interpret a task for themselves.
- Free choice of tasks by the children is an issue.
- Activities for young children have been hard to come by.
- Attention spans are lengthening.
- Motivation seems high - children are keen to come to the centre.
- There is a lot of 'maths talk' happening throughout the sessions.
Children are talking about the tasks in their own language, developing
concepts and strategies which they translate into English to discuss
with the teachers.
I keep a card file to make anecdotal notes on 3 or 4
children each session. Another useful assessment tool has been the use of
peer teaching. At this time there has not been emphasis placed on student
I have asked teachers to provide written
feedback and the results have been very positive. This will be done at the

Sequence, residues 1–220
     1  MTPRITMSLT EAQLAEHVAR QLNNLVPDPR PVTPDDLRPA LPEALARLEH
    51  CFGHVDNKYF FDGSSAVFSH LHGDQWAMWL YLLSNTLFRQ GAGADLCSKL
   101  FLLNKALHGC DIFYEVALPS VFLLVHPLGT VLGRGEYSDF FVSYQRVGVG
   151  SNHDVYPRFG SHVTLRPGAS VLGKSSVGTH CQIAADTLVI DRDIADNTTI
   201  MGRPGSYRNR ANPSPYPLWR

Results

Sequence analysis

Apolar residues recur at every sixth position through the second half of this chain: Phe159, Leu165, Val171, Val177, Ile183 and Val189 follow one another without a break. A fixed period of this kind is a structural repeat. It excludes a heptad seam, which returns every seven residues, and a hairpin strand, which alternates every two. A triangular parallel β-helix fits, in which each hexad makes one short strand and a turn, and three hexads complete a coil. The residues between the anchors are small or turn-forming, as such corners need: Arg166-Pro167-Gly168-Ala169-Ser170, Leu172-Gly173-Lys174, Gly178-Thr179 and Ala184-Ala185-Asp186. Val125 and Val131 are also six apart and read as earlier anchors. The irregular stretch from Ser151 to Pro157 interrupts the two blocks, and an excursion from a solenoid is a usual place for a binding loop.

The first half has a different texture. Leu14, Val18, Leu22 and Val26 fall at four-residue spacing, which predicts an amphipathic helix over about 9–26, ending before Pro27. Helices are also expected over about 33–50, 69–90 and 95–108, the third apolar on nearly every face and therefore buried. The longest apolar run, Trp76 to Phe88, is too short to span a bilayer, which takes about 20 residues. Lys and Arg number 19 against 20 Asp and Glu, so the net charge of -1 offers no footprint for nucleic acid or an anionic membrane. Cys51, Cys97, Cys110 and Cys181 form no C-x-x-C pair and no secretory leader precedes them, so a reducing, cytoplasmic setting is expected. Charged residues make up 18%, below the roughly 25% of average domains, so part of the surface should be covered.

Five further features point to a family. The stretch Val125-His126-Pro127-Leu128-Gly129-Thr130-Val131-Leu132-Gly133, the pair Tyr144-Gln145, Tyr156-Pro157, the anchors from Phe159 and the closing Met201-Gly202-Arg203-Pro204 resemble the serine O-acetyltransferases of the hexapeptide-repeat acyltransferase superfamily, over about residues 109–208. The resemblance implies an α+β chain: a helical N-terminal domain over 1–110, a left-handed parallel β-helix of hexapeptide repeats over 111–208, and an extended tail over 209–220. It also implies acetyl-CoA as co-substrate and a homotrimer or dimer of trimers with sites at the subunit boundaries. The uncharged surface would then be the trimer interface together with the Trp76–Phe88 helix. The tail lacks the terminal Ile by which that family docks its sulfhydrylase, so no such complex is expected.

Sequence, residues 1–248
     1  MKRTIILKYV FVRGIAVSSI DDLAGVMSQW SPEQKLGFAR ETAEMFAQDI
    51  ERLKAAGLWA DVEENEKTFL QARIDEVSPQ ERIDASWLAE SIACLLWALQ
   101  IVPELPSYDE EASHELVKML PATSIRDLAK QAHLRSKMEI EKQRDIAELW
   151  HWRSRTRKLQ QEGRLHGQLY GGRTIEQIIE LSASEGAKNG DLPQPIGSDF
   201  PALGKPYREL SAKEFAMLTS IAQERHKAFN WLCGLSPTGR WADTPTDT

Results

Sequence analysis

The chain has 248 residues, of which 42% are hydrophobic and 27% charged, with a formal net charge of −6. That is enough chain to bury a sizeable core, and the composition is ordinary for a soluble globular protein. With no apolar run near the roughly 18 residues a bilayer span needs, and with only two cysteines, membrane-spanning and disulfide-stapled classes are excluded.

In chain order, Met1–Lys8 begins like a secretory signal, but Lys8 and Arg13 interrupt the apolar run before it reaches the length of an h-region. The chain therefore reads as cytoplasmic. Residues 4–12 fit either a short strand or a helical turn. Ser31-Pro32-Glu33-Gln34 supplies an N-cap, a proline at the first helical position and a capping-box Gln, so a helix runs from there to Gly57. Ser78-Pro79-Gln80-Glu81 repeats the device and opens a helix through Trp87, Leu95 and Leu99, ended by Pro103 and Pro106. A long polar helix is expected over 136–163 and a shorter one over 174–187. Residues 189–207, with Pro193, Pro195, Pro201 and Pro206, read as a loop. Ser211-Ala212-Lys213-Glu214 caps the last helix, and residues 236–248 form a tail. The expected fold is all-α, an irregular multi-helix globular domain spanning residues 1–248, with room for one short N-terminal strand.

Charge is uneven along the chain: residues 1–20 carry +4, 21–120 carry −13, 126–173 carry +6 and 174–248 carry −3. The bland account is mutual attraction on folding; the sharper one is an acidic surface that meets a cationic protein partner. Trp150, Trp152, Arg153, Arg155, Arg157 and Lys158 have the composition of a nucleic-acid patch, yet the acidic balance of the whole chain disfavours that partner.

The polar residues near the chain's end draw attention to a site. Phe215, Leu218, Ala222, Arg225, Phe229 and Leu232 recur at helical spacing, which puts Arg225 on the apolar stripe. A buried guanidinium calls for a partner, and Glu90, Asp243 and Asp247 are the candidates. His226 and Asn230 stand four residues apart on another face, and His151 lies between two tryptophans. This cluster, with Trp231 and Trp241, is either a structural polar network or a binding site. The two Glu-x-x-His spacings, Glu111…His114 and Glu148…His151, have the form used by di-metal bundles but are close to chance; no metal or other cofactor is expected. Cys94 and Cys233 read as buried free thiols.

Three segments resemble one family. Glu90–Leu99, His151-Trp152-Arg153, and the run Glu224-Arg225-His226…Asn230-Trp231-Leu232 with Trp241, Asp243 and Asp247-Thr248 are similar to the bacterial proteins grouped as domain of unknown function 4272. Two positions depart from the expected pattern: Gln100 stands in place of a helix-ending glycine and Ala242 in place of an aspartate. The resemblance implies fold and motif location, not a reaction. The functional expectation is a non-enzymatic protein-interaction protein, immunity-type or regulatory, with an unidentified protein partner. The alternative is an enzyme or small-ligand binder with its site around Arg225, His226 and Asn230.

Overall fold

end of each term to ensure that planning fits the needs of the students.
It also allows input from all the staff so that the Activity Centre is
owned by the whole school community.
- To aim for more independent reading and interpretation of
- To encourage more recording of tasks.
- To continue to expand the range of activities available to students,
and to ensure all strands of the Maths curriculum are included.
The junior primary teachers in my schools have said that
they would like more tasks which are more suitable for their students but
I feel somewhat inadequate to provide them being a senior secondary
teacher in the main.
I certainly have enjoyed roving around the Task Centre site on the web
- is to be
congratulated on a great job! Several of the ideas I found there have been
added to our task centre already and more will follow.
The very last of the Country Areas Program which set up our Island task
Centre was spent buying the Pattern & Algebra Replacement Units from the
Task Centre Project. I am most impressed with these and think that having
a unit structure with support materials will encourage some of our
teachers who have been reluctant to use the tasks, to give it a go.
Follow this link to Task Centre Home page.